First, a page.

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Double Exposure

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EVERY OCTOBER FOR EIGHT YEARS now, 100 aspiring photographers have gathered at Pulitzer Prizewinner Eddie Adams’s workshop in Upstate New York. For four days they shoot rolls of film, get their work reviewed by pros and listen to their heroes discuss their craft. On Oct. 8 this year’s contingent hung on every word as another Pulitzer-winner, Nick Ut, 44, told how, on June 8, 1972, as an Associated Press photographer in Vietnam, he took his famous shot of a 9-year-old girl running naked down a street in Trang Bang after a U.S.-di-rected napalm attack. The novice photographers were fascinated by Ut’s story, but their reaction paled beside that of a 32-year-old Vietnamese woman in the audience who averted her eyes and sobbed as Ut showed his slides. The woman was Phan Thi Kim Phuc, the little girl now grown up.

Phan wasn’t the only famous photo subject in the room. Adams, 61, who may be best known for his award-winning picture of Gen. Nguyen Ngoc Loan shooting a Vietcong prisoner in the head, also invited Mary Ann Vecchio, 39, who was immortalized by photographer John Filo 25 years ago as she grieved over the body of a war protester at Kent State University.

Both women talked about how the photos—which strengthened the antiwar movement in the U.S—affected their own lives. Vecchio, then a 14-year-old runaway from Opa-Locka, Fla., says she was verbally attacked afterward for being a symbol of the war-protest movement, while Phan became a propaganda tool for the Vietnamese Communist party. Both had at first been reluctant to attend the workshop.

“I clammed up about the whole thing for 24 years,” a tearful Vecchio said after hugging Filo, 46, a former Newsweek pictures editor whom she had met seven months earlier. “I always dreamed about meeting him.” She claimed her own life had been “pretty messed up by the photo.”

In fact, her life was already troubled when the photo was taken. Vecchio told the gathering how she had awakened on the morning of May 4, 1970, and spent hours walking with her dog around the Kent State campus, where students, upset by the expansion of the war into Cambodia, had burned down the ROTC building. Shortly after she wandered into the protest, Ohio National Guard troops inexplicably started firing at the marchers. “When you’re a kid, you’ve never seen anything like this,” she said. “It was scary, but I never dreamed they would shoot at us. Everybody said, ‘Oh, rubber bullets.’ But no. I saw this guy, Jeffrey Miller, lying on the ground. I thought maybe I could use my little Nurse Nancy skills and help him. I turned his face over—there was no way! I just ran. I never knew my picture was taken.”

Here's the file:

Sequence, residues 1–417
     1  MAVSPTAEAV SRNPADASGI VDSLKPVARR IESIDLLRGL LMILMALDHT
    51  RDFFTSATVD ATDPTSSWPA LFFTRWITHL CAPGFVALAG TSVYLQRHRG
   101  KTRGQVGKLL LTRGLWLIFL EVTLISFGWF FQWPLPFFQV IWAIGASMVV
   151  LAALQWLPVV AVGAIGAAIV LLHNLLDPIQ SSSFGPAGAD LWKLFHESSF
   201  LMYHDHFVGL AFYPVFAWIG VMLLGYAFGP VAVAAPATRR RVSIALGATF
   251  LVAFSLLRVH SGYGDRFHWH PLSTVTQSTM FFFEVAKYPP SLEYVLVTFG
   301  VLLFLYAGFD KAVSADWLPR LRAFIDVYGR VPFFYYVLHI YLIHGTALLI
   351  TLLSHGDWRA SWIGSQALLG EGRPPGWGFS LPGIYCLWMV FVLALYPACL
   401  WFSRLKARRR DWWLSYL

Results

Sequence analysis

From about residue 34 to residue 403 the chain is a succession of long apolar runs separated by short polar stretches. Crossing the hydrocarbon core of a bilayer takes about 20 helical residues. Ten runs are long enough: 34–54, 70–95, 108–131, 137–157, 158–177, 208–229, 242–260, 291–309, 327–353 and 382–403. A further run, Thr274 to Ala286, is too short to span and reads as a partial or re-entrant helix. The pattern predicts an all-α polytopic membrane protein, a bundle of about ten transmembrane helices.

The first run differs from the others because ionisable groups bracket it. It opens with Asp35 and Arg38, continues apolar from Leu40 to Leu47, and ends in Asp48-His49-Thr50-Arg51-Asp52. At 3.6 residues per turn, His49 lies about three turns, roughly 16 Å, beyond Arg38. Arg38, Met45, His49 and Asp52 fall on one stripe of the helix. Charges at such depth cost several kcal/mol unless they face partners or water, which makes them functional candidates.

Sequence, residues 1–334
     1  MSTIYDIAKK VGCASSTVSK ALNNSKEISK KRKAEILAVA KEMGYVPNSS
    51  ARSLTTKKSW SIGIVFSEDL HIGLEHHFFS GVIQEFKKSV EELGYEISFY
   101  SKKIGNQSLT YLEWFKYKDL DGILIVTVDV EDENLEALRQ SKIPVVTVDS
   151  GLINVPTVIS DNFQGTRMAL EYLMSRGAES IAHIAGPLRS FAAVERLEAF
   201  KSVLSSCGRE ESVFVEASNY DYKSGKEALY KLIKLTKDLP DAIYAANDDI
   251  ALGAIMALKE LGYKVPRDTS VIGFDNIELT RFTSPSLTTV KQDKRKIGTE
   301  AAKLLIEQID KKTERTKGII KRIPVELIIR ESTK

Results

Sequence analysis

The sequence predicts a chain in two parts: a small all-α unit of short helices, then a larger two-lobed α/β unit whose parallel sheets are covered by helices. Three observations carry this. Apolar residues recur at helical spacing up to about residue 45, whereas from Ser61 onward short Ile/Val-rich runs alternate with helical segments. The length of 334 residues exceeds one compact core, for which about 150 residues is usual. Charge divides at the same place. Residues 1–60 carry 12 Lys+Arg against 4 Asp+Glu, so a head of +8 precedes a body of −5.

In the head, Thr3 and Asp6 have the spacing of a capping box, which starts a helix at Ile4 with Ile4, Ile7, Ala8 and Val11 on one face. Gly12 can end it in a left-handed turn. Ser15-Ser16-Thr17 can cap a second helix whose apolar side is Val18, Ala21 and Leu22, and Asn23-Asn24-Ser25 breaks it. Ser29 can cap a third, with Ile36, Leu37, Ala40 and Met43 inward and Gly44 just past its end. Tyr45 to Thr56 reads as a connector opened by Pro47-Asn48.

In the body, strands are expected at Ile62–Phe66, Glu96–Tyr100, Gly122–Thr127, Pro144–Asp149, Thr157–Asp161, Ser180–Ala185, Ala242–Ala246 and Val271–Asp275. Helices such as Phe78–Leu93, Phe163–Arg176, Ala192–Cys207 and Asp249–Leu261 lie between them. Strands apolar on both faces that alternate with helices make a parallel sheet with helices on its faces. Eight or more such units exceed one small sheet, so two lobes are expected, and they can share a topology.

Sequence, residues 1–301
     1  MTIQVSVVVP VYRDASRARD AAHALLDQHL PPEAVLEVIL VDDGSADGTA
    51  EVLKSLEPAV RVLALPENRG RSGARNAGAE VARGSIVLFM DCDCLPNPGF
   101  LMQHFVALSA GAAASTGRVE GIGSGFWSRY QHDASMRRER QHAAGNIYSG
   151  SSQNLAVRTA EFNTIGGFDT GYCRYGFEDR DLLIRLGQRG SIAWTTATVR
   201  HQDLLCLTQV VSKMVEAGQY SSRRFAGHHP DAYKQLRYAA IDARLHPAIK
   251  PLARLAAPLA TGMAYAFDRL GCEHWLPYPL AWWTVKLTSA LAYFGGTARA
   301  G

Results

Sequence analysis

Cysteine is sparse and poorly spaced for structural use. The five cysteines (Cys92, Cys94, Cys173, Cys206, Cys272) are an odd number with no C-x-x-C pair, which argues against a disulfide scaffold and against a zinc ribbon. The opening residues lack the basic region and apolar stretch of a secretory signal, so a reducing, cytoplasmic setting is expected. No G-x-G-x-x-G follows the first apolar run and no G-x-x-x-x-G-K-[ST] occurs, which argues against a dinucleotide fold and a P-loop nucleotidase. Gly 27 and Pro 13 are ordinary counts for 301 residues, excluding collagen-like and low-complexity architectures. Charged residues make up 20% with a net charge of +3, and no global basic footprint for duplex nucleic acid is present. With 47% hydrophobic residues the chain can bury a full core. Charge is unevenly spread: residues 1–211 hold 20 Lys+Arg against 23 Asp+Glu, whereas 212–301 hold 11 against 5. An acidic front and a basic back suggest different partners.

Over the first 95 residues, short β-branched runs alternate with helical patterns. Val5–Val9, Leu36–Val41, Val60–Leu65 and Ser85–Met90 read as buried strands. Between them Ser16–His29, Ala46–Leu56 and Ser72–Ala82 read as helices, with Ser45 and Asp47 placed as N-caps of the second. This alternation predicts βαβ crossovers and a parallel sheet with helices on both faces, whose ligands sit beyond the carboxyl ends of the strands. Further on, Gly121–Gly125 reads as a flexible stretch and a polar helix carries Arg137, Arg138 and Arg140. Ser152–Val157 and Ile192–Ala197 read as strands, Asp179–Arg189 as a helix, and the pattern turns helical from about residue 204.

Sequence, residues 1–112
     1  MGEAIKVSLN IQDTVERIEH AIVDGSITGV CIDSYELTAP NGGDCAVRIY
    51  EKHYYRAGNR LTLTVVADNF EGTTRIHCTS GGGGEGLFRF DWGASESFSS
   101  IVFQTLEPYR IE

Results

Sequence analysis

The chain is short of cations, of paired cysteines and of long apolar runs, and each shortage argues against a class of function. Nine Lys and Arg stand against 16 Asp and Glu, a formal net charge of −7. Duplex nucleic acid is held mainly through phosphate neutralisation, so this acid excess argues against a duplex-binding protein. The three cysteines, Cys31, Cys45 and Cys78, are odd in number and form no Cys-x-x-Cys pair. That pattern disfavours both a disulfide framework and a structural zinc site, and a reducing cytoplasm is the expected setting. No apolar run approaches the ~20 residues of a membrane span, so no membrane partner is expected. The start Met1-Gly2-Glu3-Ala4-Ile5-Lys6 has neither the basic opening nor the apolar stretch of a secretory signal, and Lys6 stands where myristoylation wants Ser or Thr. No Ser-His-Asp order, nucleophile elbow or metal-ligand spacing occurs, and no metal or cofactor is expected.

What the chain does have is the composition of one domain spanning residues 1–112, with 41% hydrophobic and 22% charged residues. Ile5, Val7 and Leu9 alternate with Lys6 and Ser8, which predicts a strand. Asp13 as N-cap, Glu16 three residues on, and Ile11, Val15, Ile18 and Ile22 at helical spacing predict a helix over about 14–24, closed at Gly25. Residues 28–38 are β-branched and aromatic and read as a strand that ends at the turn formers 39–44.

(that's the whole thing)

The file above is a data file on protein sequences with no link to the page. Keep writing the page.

She found out soon enough. The next day the photo appeared on the front page of newspapers across the country. Vecchio’s parents found her after seeing the photo and brought her back home. She eventually finished high school, but not before spending time in a juvenile home. She claimed that she was harassed by police, who arrested her for possession of marijuana and prostitution. She also said that she was branded a “professional agitator” by then-Florida Gov. Claude Kirk. Eventually she made her way to Las Vegas, where she married a plumber and became a cashier at a coffee shop. “I feel like I’ve been a prisoner for all these years,” said Vecchio. “But now I can express myself about Vietnam. I want to thank John Filo. If there was any way the picture helped stop the war, I figure all the suffering I endured was worth it.”

Phan Thi Kim Phuc’s suffering was of a more obvious sort. Two of her six brothers died in that 1972 bombing of a Caodai temple, and the brother on her right in the photo suffered permanent damage to his left eye. Phan, who tore off her clothes because they were burning, has crimson rope-like scars on her back. In 1986, after years of unsuccessful medical treatment in Vietnam, she was separated from her mother and father and sent to Cuba to study and carry out “goodwill” missions for the Communist cause. For six years she attended the University of Havana while she planned her defection to North America and freedom. Finally, in October 1992, she and her husband, Bui Huy Toan, whom she met in Cuba, escaped to Canada on the way back from a honeymoon trip to Moscow. They are now legal residents living on welfare in Toronto with their 18-month-old son, Thomas.

Phan, who asked to speak after Ut finished his slide show, said she had always dreamed of coming to the U.S. “That picture changed the world,” she said. “Also, it changed my life. I suffer a lot. But as time passed, it gave me strong faith. I don’t want to remember that pain. I am just thanking in my present and in my future. Even now, when the weather changes, I have that pain. But my mind controls the pain. God bring me husband. I have a son. Finally I’ve got everything.”